Features

Stay in touch

1 Dec 2005 by business traveller

Dropped connection again?Third hotel in three nights; third different method to access the internet? Hours wasted getting connected only to find the access speed is at snail mail pace? Rushing against the clock to get your email replies done before your connection terminates? These tales are all too familiar to frequent business travellers.  So how are the different hotel groups in Europe dealing with this largely unsatisfactory guest experience?

Connectivity, ease and speed

"Give me hardwired over a weak wifi connection any day!" demands Chris Luebkeman, much-travelled director of global foresight and innovation at architectural engineering consultancy Ove Arup & Partners, of his hotel's internet access provision.  Reliability of connectivity is without doubt a major concern — especially when you are halfway through a reply and the line drops out.

The choice is either a hardwired connection between your laptop and the data port or going wireless. Hardwired is great provided you carry around the necessary cable (the pretty standard RJ45 cable in Europe) and that it is long enough to reach from the data port to your preferred place of work — which could end up being the bed when the only available data port is on the handset of the bedside phone. Anecdotal evidence from those without the necessary cable varies from having it charged on their account to the hotel nipping out to buy one for them. Clearly this is all part of the price of a reliable connection.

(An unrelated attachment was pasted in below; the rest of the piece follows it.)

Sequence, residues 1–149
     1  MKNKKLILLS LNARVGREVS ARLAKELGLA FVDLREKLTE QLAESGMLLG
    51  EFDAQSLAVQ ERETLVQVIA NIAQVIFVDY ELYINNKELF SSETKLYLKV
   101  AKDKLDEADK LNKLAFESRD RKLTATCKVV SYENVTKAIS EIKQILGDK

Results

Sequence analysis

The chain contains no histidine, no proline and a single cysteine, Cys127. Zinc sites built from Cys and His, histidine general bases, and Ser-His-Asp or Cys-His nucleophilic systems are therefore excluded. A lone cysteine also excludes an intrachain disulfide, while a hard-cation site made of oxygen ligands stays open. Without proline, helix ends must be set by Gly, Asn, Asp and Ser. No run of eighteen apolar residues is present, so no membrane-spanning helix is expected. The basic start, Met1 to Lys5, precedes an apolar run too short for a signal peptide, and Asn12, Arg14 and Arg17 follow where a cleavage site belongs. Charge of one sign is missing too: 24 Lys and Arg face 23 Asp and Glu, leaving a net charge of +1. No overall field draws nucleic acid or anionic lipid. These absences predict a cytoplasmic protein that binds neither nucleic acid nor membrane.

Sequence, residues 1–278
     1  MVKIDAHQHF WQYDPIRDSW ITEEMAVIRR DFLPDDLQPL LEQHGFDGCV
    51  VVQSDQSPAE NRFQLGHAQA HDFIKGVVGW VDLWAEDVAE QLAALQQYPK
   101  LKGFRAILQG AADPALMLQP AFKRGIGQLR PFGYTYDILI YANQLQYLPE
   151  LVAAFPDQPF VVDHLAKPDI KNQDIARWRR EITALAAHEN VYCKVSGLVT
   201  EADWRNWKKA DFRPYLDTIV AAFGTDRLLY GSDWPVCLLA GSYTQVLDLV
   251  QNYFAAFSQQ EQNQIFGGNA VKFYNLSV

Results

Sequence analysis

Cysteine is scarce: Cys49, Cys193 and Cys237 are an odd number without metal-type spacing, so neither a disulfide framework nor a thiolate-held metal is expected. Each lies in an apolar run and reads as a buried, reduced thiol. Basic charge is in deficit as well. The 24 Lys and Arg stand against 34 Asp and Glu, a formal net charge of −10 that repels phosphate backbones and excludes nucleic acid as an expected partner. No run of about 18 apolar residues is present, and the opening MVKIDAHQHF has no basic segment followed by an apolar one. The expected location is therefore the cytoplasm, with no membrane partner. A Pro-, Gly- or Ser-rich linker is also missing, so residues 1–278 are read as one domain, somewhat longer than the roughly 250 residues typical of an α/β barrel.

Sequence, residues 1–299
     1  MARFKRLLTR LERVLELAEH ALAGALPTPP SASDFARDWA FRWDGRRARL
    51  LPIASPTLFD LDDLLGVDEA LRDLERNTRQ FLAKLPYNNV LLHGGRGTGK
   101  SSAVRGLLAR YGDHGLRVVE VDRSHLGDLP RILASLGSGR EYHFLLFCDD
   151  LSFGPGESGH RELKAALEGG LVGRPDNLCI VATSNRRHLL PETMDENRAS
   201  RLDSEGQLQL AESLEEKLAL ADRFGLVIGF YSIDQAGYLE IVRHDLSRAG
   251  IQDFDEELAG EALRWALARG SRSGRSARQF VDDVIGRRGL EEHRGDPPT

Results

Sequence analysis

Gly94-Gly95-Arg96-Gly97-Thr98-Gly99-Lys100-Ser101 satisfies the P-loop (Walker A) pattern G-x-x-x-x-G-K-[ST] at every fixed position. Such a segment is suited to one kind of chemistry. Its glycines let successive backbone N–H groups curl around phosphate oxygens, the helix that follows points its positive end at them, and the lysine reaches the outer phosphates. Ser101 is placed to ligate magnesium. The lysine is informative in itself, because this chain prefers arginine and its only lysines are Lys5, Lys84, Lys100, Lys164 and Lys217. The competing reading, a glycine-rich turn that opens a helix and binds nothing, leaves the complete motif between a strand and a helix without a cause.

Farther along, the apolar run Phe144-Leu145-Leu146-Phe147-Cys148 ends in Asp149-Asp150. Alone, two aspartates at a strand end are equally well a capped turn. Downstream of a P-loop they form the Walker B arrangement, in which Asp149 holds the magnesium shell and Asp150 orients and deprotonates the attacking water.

For reliability, Malmaison's "plug and play" answer is just that. It is almost too easy to be true. No dial-ups, passwords or scratchcard detritus strewn over your keyboard. And it's free. Introduced soon after his return to Malmaison as CEO 18 months ago, Robert Cook took the view that "it's what our guests wanted and the cost of provision was cheaper than providing a complimentary newspaper". There are also iPod speakers in all the suites.

Speed is also important. The Ku' Damm 101 hotel in Berlin's fashionable Charlottenberg district installed ultra high-speed internet access. Up to 1,000Mbits per second allows for videoconferencing and transfer of video and large files, which appeals to the hotel's target business audience.

Overall, access speeds are constantly improving but they are often subject to infrastructure constraints. Of the hotels surveyed, the average speed is around 4Mbits per second. Certainly this is more than enough for the majority of emails without attachments.